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reply to post by Seventhdoor
 


Thanks for your response, and before I get to the important points, I believe we have a small definition-problem. It seems, that you take 'inductive reasoning' to be 'intuitive experience' (a guess on my part). But never mind, it's not a central issue, just for the record for possible later use.

As to the 'mystic' ~ direct experience I'm a great supporter of that, and agree with you, that many (but far from all) religions are later rigid doctrinalizations of such. Some religions are ofcourse mainly fakes, some religions are halfbaked 'mystic~direct experiences and some (probably most) are the result of paranormal experiences, which have no real connection to transcendence.

But along very broad lines I agree with you. It's your 'wrapping' I mainly reject, trying to give a false sheen of respectability to mysticism and metaphysics, beyond what's actually housebroken.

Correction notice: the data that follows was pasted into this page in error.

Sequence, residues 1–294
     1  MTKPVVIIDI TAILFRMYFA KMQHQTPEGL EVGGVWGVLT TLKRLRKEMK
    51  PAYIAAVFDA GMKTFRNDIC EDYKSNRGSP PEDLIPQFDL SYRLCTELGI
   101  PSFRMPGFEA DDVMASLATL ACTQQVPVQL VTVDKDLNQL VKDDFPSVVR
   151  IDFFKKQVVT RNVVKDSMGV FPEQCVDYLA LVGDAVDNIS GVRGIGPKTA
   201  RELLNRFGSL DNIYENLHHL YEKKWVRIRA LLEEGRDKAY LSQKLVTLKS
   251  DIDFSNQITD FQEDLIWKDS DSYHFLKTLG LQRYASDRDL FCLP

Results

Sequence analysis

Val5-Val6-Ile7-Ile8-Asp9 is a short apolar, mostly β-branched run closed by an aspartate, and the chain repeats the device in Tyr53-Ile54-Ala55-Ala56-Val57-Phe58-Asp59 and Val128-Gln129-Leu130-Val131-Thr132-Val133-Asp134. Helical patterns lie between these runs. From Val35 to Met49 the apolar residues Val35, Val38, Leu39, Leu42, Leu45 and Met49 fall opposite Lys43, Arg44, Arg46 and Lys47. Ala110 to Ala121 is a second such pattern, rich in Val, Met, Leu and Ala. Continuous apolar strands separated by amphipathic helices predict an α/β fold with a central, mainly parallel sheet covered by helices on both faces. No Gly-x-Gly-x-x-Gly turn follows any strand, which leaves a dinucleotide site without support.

*******

I'm sadly aware, that metaphysics has a bad name, and I have spent much time on this forum trying to give it a better one. Apparently I have succeeded to some extent, because I can communicate freely and friendly with even the most 'materialistic' of our resident atheists, going along with them as far as rational reasoning can carry (my own condition also), and then 'continuing further out' slowly and guardedly, with none of the sudden theist jumps of putting in unvalidated speculations of the-god-of-gaps varieties.

I guess I by character detest the intellectual dishonesty implied in inventing/fabricating central 'missing links' in a reasoning chain. It's a kind of lying (at best arrogance based on really deep ignorance), and european science/logic/philosophy/technology was set back almost a thousand years by it. So I'm probably a little touchy on that point.



posted on Sep, 26 2011 @ 08:13 PM
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Originally posted by ALOSTSOUL
Atheism is just another form of religion